GEGE is providing a huge variety of water, energy and infrastructure services at 37 Olympic venues, including the Forbidden City. Check out their animated map to see all the Olympic pies GE has its finger in. A total of 130 GE 1.5 MW wind turbines will help power Olympic venues. 100 are at the Shangyi Wind Power Farm Project while the other 30 are at the Zhangbei Wind Power Farm Project. Solar-powered LEDs from GE will illuminate the Fengtai Softball Field while standard LEDs will light up the Beijing Olympics Committee’s headquarters. Meanwhile, the National Stadium will keep the giant pitch green with a GE Zeeweed nanofiltration membrane rainwater recycling system.

15 Responses to “10 Cleantech Companies Greening the Olympics”

  1. TSI Inc. is supporting the air quality monitoring efforts for the Beijing Olympic Games by providing multiple measurement instruments to sports stadiums, foreign newspapers, TV news stations and research organizations at the 2008 Olympics in Beijing, China. TSI instruments that have been delivered to Beijing include the Q-Trak™ IAQ Meter, VelociCalc® Air Velocity Meter, DustTrak™ Aerosol Monitor and the SidePak™ Personal Aerosol Monitor.
    The Q-Trak’s state-of-the-art sensors measure indoor air quality conditions including carbon dioxide, temperature, humidity and carbon monoxide. The Q-Trak will be used to ensure indoor air quality in all public environments, satisfying World Health Organization standards. The VelociCalc Air Velocity Meter measures indoor air flow and temperature and will be used extensively at the National Badminton Stadium to ensure the system is functioning at design specifications as well as meeting energy conservation requirements. The badminton courts are also being tested for draft, a very important parameter for badminton matches.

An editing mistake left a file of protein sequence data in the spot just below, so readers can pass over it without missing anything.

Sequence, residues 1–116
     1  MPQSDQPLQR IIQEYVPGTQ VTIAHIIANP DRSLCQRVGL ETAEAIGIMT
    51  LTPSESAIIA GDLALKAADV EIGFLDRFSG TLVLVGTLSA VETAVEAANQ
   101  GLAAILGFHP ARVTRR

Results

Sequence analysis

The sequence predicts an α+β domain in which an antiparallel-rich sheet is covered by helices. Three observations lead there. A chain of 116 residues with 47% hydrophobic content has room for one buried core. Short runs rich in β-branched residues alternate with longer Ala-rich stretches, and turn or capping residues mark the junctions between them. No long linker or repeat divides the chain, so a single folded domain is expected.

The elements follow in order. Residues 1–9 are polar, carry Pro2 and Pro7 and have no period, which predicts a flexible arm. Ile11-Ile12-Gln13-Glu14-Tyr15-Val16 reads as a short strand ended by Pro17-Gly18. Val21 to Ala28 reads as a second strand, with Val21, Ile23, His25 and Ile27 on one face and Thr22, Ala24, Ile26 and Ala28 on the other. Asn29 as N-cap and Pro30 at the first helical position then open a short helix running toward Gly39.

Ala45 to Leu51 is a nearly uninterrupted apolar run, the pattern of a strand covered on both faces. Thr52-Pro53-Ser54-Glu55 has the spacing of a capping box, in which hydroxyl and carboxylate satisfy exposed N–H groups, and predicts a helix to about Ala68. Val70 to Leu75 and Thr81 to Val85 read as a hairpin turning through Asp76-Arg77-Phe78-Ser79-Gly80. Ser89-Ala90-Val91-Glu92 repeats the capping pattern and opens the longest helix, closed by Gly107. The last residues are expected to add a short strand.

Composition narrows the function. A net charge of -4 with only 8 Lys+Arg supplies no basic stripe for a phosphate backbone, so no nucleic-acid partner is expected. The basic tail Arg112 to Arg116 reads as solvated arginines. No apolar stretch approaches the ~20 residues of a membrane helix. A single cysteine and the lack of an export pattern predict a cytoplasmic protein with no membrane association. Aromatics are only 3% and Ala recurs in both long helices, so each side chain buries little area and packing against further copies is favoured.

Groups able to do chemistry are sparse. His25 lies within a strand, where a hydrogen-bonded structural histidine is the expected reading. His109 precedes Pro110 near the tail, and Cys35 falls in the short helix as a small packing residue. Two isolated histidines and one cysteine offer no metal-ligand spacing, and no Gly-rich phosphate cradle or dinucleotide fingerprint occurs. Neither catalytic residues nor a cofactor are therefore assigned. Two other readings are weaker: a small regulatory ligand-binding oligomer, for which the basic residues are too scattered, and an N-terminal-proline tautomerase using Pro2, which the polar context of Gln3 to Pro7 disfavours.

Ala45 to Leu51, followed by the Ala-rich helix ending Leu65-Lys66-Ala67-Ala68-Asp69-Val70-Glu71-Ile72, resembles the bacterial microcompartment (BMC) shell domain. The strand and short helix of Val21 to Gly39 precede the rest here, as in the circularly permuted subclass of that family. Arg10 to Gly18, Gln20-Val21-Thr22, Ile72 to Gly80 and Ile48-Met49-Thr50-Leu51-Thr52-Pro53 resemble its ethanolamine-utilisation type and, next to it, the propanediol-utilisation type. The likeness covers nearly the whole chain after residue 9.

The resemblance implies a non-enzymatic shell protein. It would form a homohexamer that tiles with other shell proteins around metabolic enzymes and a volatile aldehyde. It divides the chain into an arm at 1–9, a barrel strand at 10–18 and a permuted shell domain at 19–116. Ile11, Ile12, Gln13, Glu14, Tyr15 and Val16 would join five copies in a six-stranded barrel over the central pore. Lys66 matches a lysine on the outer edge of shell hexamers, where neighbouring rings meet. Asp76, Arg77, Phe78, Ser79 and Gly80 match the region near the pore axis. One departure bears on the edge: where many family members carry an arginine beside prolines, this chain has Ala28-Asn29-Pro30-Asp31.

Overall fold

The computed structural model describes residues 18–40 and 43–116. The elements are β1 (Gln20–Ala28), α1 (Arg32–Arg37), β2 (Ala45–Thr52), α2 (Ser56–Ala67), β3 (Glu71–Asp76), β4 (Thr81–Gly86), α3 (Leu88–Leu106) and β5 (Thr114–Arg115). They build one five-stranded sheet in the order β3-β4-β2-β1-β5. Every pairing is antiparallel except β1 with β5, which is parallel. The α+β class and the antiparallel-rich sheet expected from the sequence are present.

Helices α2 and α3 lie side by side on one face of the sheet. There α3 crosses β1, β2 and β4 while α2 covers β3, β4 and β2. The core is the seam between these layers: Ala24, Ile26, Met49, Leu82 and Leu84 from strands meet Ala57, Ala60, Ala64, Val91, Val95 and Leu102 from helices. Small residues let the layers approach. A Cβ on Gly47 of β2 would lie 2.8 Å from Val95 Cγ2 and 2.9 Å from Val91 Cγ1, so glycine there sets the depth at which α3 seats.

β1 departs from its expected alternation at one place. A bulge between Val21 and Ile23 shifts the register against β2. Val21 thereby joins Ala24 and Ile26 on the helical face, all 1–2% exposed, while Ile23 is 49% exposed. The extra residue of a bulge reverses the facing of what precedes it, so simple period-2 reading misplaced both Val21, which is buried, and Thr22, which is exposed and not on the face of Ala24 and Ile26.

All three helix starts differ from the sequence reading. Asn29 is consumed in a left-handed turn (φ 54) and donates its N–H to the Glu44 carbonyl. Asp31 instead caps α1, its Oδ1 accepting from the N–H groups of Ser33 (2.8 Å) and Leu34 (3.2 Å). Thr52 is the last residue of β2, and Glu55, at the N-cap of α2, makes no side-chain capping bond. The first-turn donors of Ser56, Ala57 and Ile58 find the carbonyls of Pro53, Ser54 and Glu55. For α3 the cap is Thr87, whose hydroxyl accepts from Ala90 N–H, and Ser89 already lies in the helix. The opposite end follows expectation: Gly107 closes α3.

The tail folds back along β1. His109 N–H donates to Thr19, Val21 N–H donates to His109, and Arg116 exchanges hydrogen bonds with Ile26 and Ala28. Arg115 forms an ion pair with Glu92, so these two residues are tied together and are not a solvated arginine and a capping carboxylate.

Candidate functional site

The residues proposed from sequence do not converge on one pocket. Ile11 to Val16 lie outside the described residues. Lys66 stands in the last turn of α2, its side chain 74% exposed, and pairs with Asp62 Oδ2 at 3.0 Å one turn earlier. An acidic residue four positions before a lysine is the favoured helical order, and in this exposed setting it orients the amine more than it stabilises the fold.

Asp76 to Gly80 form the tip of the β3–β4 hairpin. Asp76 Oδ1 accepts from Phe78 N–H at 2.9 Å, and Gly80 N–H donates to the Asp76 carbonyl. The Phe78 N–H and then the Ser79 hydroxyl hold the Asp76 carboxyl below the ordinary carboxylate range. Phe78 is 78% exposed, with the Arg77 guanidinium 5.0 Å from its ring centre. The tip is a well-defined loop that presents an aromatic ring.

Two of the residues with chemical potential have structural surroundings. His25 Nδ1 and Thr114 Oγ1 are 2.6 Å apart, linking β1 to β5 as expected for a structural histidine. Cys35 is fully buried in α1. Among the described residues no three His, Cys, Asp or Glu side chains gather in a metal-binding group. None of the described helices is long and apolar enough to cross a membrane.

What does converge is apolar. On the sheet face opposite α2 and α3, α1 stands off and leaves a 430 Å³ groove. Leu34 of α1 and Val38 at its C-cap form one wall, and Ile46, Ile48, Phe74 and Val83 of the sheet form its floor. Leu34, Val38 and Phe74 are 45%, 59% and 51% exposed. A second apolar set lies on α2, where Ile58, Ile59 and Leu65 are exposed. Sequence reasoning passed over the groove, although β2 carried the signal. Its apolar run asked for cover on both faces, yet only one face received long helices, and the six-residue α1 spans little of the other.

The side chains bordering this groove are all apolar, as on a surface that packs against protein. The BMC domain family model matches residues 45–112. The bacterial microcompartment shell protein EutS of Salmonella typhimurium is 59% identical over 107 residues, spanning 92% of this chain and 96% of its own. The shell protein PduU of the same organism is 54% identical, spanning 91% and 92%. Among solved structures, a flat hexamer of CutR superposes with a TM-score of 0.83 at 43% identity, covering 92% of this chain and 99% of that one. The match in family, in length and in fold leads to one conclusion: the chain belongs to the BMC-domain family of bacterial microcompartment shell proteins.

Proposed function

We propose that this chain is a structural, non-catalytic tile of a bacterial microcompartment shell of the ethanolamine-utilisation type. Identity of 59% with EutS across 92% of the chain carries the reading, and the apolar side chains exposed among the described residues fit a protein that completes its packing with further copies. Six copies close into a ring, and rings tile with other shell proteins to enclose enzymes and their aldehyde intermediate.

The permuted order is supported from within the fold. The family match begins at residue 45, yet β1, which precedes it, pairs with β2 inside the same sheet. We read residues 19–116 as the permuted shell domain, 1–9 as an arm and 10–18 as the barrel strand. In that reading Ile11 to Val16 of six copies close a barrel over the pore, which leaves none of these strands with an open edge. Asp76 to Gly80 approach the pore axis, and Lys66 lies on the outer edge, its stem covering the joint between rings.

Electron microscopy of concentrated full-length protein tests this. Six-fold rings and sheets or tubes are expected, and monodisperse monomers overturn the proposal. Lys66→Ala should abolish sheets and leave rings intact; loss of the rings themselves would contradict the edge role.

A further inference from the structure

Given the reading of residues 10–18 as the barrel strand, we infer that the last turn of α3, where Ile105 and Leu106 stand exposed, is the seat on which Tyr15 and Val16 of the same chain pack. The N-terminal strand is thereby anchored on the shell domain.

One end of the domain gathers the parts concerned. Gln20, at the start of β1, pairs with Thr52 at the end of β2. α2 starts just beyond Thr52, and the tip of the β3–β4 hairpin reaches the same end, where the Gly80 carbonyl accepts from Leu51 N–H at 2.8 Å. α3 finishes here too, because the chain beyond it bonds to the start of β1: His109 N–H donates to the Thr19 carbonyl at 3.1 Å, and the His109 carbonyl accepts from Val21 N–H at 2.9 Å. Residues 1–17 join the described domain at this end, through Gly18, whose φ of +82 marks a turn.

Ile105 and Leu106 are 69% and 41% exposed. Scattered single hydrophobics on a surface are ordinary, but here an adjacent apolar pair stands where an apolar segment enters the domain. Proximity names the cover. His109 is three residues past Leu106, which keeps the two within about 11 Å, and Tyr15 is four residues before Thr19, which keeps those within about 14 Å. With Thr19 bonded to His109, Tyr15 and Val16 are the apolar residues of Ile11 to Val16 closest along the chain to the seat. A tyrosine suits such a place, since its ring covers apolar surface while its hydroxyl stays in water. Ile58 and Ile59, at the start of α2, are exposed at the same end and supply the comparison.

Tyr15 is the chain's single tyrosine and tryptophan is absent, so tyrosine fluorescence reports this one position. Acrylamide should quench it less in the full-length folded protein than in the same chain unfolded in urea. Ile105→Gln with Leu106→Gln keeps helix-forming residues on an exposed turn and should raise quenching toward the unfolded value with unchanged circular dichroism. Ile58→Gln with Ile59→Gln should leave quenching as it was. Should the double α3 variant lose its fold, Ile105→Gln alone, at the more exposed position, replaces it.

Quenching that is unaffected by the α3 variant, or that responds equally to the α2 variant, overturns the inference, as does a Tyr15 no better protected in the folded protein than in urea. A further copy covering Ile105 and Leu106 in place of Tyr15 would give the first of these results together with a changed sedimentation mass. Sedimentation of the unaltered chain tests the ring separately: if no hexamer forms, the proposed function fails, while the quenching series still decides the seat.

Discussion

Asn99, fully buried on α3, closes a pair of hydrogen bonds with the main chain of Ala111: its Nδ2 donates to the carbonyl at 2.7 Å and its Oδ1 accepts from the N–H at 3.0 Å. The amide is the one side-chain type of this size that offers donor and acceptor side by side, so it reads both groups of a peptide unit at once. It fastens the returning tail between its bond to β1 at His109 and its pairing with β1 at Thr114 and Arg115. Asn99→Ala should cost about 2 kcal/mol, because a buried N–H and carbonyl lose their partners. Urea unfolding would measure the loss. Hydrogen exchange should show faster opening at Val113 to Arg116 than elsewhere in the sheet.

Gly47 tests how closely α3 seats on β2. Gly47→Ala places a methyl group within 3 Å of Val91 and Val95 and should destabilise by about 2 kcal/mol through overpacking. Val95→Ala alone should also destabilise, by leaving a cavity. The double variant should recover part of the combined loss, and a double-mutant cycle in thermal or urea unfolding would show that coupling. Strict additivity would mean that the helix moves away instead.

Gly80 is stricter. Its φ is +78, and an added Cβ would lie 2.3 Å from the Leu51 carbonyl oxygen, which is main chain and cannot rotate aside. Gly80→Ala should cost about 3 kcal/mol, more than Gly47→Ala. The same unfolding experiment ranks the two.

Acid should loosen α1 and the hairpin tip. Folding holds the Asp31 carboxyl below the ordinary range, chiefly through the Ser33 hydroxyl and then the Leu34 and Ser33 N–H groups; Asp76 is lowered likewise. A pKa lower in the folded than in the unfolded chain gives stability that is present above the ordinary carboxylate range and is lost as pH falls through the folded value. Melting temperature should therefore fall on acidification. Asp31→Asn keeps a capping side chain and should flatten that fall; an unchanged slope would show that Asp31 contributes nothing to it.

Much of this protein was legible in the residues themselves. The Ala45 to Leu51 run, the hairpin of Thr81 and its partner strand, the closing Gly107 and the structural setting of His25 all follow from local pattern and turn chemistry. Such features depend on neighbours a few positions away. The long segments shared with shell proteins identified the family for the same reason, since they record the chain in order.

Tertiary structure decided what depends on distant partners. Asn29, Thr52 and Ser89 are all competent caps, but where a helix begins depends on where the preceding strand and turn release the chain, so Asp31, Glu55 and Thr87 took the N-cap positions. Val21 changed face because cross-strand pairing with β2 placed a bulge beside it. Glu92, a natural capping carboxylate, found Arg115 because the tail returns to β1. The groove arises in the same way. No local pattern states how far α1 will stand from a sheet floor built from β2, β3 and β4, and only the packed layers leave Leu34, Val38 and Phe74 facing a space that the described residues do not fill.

The DustTrak Aerosol Monitor measures airborne particles, which is a major cause of Beijing’s pollution. TSI dust (or aerosol) monitors measure aerosols in a wide variety of environments, from industrial settings to outdoor construction sites. The BBC has been reporting daily air quality measurements taken with the DustTrak Aerosol Monitor as well. The SidePak is a lightweight, belt mounted laser photometer that displays and data logs dust concentration in real time. The Beijing Health Inspection team is using the SidePak for walk-in spot testing at every sports ground during July.
    Also, TSI has supplied a Scanning Mobility Particle Sizer,™ an Aerodynamic Particle Sizer® and the Nanoparticle Surface Area Monitor to researchers at Cornell University and Peking University for a four year study that began in 2006. The study monitors ultrafine particles in the Beijing air. Recently delivered, an Ultrafine Particle (UFP) Monitor is set to start monitoring in August 2008. The UFP Monitor will generate a continuous record of toxic ultrafine particles concentrations before and during the course of the Olympic Games. The UFP Monitor has been specifically designed for long-term, air quality monitoring. The UFP Monitor has been designed under the auspices of the European Union’s Life project, part of the Clean Air For Europe (CAFE) initiative that has been in effect since 2001.
    In addition, a Model 8130 Automated Filter Tester was purchased by the Beijing National Center for Disease Control and Prevention (CDC) to test respirators and face masks that will be used by first responders in emergency incidents during the Beijing Olympic Games such as terrorist attack, chemical or biochemical attack.

  2. Another company not mentioned above but highly involved in the Beijing Olympics is a firm called “Solatube”.

    As China set out to create the first-ever “Green Olympics,” designers turned to Solatube International Inc., the worldwide leading manufacturer and marketer of Tubular Daylighting Devices (TDDs) to provide natural lighting solutions for a new Olympic event-designated gymnasium at the Beijing Science & Technology University.

    Check out the story here: